Yes, we can replace civil servants with robots. The bigger question: ought we?

If an onshore public service process costs $1 to deliver and a nearshore one $0.60, the robotic equivalent might get your outlay per process down to as little as $0.15. But, challenged GlobalData thinker Jess Figueras at last week’s Think Smarter Working For Public Sector 2018 – should we actually go ahead and do that?

Posted 11 June 2018 at 8:42am by

The UK public sector has turned many staff jobs into more or less ones a robot could do…

So why not go the whole hog – and replace machine jobs with actual machines?

This was one of only one of the challenging thoughts leading public sector IT trend watcher Jessica Figueras confronted an audience of public sector tech practitioners and leaders with last week.

“The rise of automation will really change the nature of the way all this country’s 5.4m public service workers work,” the analyst told the audience at last Thursday’s successful one-day conference Think Smarter Working For Public Sector 2018.

As part of her keynote opening the event, Figueras also went on to detail how a quarter – £4.9bn – of the combined £18bn the UK spends on the public sector each year goes on provision of ICT tools to its own staff, a cost that could be considerably reduced by new approaches to provisioning and project delivery.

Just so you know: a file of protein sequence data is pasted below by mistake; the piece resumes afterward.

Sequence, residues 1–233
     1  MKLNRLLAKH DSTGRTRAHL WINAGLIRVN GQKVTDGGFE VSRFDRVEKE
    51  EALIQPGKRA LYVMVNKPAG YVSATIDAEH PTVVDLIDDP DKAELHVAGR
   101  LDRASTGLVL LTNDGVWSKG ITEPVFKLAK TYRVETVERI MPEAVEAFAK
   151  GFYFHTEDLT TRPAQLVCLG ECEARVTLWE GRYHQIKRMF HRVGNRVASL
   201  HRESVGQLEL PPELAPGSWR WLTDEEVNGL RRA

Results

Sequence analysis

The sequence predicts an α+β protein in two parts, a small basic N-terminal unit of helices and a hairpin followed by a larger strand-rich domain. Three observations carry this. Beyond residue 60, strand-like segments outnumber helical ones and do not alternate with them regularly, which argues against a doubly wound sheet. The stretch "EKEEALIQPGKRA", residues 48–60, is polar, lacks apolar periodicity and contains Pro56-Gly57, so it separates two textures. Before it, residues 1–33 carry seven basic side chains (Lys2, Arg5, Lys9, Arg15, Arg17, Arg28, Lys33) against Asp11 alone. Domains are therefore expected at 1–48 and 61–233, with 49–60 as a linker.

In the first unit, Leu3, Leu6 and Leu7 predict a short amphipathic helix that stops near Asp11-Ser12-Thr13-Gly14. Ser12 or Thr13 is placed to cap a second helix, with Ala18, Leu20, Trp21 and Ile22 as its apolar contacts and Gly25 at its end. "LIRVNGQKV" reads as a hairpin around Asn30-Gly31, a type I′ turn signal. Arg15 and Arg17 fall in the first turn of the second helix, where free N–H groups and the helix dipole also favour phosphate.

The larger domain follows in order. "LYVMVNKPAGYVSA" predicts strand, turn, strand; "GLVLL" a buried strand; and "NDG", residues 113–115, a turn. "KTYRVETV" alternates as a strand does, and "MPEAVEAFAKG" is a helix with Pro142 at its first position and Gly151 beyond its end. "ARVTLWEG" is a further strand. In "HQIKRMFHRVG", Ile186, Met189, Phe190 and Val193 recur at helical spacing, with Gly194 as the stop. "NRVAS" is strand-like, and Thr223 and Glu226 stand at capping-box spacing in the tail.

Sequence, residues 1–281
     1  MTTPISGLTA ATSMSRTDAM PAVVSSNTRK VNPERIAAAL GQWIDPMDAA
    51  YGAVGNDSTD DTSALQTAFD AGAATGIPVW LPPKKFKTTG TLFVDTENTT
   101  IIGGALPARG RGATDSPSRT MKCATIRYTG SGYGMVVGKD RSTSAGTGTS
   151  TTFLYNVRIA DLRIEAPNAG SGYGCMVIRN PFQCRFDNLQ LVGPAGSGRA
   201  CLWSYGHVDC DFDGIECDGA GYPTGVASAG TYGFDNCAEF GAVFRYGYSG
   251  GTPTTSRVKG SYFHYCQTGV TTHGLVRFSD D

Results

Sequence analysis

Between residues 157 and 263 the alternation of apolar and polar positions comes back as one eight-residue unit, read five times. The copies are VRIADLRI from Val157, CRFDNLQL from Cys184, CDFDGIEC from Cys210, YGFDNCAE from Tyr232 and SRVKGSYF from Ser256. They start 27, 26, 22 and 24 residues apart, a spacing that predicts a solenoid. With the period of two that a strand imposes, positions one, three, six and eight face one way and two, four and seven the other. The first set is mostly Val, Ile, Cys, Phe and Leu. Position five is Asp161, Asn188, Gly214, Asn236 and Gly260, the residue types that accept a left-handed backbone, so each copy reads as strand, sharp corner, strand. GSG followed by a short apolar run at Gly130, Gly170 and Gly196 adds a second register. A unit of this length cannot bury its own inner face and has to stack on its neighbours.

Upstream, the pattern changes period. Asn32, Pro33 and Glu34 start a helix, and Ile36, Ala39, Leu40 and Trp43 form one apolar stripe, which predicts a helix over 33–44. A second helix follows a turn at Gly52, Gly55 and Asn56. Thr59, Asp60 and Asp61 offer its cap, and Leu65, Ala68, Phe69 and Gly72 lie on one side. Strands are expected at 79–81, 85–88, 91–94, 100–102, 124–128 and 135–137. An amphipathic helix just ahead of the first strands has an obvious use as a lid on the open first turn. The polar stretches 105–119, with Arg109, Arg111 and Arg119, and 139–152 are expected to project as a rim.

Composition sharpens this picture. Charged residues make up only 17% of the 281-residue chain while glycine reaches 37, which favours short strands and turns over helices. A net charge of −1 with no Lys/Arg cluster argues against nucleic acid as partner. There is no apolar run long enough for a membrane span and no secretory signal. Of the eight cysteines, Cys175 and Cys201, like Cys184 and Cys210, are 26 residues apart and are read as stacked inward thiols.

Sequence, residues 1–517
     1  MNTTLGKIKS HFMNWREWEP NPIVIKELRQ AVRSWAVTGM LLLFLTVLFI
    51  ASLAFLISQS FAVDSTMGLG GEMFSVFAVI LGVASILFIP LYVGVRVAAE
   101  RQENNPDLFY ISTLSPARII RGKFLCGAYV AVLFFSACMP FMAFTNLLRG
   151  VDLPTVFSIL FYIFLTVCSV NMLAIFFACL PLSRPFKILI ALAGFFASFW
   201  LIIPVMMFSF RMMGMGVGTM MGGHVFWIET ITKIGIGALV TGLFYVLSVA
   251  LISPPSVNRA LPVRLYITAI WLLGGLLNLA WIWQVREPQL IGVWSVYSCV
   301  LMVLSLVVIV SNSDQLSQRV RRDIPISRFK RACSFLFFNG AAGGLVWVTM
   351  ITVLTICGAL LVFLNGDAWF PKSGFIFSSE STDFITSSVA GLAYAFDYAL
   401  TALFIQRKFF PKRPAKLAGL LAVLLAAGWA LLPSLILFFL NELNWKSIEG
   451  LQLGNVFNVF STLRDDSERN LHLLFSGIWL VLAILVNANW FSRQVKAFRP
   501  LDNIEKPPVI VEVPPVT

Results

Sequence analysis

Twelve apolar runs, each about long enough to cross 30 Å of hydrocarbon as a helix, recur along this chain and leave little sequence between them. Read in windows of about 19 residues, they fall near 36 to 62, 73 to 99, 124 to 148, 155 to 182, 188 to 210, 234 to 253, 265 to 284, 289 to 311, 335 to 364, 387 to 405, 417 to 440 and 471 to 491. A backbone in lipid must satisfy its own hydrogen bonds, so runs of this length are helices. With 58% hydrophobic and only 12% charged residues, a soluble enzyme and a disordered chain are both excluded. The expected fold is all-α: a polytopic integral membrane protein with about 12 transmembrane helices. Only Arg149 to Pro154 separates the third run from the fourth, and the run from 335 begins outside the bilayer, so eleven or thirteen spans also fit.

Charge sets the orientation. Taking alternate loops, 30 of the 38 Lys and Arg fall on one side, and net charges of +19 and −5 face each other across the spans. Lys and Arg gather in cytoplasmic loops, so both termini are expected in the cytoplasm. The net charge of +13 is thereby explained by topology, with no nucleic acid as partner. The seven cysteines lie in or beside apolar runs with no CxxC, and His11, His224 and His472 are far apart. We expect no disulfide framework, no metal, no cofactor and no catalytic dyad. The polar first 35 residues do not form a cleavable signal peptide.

But it could also be reduced, she provocatively suggested, by a direct swap in jobs “where we already expect workers to work like machines, to deliver standardised results as quickly and cheaply as possible” to software that works 24×7, never takes a tea-break and won’t might well be “cheaper, faster and higher quality”.

Figueras also shared fresh GlobalData insights into the problem based on extensive research her team has just carried out across the UK public sector into reception of advanced technologies like AI and RPA (Robotic Process Automation).

The headline figure here: if an onshore process costs $1 and a nearshore one $0.60, the robotic equivalent might get your outlay per process down to as little as $0.15.

The ability to tailor services to specific needs is seen as the top investment driver, especially in health and higher education, the study suggests. Health sector respondents believe AI could have a positive impact on the treatment and therapy delivered to patients, while Higher Education respondents feel personalisation is of increasing importance as they respond to the challenges of marketisation.

The data, she told delegates, indicates a general willingness to invest in pilots and proof of concepts in the two technologies, but also a lack of skills and resources – meaning external advisory and support services will likely be crucial for helping to get projects off the ground.

But, she asked – even if we could replace many public sector processes with robots, should we?

“There are profound ethical considerations that we need to engage with here,” she warned, citing the recent Windrush scandal as an example of a process that “worked” but only because an essential element of humanity and ability to question case decisions by lower level staff had been removed from the system.

While some processes are definitely repeatable and predictable, she concluded, we must never lose sight of the fact that many are based on very complex human needs that even the best fuzzy logic simulator would struggle to cope with.

We’ll carry more reportage this week on the other findings of this very busy and content-rich conference – stay tuned.